Rwanda Reflections

David Gough, Fields of Life International Development Manager, recently travelled to Rwanda to meet with some of our partners on the ground there. It’s great to be able to share some of his thoughts following the trip…

“With a population of 11 million people, the small landlocked country of Rwanda in east-central Africa is known as the ‘country of a thousand hills’. Unfortunately it’s more notorious for the ethnic strife that culminated in genocide during 1994 when an estimated 800,000 ethnic Tutsis and moderate Hutus were brutally killed in 100 days by Hutu forces.

Having personally witnessed the horrors of 1994, working in a refugee camp on the Burundi Rwanda border, it was very encouraging to see how a once devastated country has been transformed into what must be one of the most progressive countries in Africa. Even the World Bank has praised Rwanda’s recent “remarkable development successes.”

I made my third visit to Rwanda recently to visit Fields of Life partners and was taken aback by the beauty of the green rolling landscape, its development, the friendliness of its people, the cleanliness and tidiness of the streets of the capital Kigali and the skills of its footballers! But that’s another story.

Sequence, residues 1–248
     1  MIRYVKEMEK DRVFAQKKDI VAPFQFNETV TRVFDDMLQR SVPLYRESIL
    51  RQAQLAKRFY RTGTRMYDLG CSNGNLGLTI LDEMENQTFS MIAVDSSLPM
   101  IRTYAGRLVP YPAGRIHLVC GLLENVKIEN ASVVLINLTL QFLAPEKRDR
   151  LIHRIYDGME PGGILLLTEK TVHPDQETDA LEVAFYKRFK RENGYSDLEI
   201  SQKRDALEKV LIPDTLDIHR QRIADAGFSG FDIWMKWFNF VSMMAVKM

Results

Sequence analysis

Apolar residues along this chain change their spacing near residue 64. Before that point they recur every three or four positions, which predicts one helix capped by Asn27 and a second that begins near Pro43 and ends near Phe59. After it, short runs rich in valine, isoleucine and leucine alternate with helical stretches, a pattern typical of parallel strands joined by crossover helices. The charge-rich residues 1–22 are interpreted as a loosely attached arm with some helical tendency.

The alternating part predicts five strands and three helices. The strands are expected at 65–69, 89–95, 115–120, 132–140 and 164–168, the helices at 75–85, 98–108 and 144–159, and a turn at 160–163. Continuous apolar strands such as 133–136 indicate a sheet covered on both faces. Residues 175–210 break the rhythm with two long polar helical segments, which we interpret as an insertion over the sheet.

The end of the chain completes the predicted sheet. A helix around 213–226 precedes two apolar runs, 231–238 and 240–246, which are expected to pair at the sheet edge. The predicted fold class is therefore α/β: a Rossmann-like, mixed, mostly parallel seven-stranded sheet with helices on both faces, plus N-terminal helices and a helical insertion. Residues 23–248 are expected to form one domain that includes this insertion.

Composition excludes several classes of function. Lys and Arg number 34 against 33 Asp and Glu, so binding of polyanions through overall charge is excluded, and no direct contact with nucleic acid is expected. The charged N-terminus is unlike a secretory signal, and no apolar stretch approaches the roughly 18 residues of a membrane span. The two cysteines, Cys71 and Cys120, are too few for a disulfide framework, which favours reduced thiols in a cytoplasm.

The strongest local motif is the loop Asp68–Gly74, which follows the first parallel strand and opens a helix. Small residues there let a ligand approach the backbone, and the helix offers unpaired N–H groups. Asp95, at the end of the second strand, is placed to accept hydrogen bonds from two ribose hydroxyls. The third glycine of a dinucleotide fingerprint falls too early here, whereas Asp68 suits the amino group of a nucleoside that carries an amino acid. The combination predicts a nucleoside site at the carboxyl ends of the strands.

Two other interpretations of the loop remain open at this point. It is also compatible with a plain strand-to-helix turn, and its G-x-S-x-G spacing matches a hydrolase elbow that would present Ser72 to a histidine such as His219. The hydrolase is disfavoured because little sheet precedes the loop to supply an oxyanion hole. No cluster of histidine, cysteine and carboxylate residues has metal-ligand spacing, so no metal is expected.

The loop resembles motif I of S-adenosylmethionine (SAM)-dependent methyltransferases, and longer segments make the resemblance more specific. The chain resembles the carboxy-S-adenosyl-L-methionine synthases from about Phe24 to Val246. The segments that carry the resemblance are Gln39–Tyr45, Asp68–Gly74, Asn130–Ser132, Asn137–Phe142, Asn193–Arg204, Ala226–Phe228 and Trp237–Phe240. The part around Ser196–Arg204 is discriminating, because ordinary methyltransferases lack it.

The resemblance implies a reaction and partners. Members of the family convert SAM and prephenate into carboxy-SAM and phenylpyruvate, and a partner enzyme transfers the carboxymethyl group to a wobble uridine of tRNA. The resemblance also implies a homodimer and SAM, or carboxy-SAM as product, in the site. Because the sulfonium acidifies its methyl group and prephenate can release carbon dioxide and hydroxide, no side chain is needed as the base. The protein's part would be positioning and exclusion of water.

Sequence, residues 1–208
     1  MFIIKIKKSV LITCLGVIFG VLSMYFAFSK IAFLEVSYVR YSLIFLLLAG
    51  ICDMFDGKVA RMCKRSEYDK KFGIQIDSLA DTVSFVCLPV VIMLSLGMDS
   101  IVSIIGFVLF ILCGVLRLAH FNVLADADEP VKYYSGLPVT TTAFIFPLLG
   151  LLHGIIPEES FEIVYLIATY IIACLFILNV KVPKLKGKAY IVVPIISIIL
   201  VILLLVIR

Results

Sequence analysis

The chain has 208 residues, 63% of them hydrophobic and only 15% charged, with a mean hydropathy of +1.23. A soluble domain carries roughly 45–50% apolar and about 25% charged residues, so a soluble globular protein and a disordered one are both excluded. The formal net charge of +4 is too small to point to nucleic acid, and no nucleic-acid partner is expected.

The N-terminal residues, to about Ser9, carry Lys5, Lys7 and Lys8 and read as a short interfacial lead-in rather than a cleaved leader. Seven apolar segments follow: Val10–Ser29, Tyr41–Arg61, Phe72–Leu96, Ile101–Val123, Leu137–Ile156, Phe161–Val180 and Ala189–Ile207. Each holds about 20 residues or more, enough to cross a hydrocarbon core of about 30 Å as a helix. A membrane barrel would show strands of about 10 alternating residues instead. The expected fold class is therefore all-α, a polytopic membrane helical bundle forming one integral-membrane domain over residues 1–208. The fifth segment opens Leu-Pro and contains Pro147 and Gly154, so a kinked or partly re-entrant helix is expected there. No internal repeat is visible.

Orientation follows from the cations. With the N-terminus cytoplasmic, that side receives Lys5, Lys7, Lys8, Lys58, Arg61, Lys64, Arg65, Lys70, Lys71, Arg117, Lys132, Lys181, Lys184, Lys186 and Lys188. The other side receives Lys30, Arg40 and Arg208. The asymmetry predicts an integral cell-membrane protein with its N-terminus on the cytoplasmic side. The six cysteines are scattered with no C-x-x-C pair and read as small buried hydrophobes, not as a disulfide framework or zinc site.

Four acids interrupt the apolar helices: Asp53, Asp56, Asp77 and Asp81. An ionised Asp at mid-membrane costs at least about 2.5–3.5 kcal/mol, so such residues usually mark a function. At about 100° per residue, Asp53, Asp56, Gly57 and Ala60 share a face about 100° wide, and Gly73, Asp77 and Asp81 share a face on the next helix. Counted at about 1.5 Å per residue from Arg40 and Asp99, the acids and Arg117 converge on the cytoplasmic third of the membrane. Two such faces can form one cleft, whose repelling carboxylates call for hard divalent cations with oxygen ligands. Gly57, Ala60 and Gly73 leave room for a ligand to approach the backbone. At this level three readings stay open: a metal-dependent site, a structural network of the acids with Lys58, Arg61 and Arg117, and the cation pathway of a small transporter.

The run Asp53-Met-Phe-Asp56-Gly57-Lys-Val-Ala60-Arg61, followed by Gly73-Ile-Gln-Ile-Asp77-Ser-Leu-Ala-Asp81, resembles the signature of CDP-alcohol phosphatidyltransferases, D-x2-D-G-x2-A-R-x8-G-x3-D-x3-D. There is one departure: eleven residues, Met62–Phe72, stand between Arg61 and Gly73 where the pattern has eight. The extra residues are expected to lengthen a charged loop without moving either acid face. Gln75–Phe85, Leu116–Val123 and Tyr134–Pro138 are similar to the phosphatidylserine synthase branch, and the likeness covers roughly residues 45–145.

Fields of Life has built six schools in Rwanda and, as part of its new strategic plan 2016-20, aims to develop its work there as well as open a small office to service projects in both Rwanda and Burundi. During my short visit Richard Spratt CEO, Ednar Nyakaisiki, Executive Director Uganda and I met with various existing and potential new partners including the Executive Committee of the two million strong Pentecostal Church ADEPR and Archbishop of the Anglican Church of Rwanda and Bishop of Gasabo, the Most Revd Dr Onesphore Rwaj.

We also met Canon Jerome Munjyangaju and his wife Mary who operate Birds of Paradise, a mission caring for three older women, one of which was 97 years, in their own home. We were greatly humbled and blessed by this small yet vital ministry and their big vision.”

Thanks for sharing David!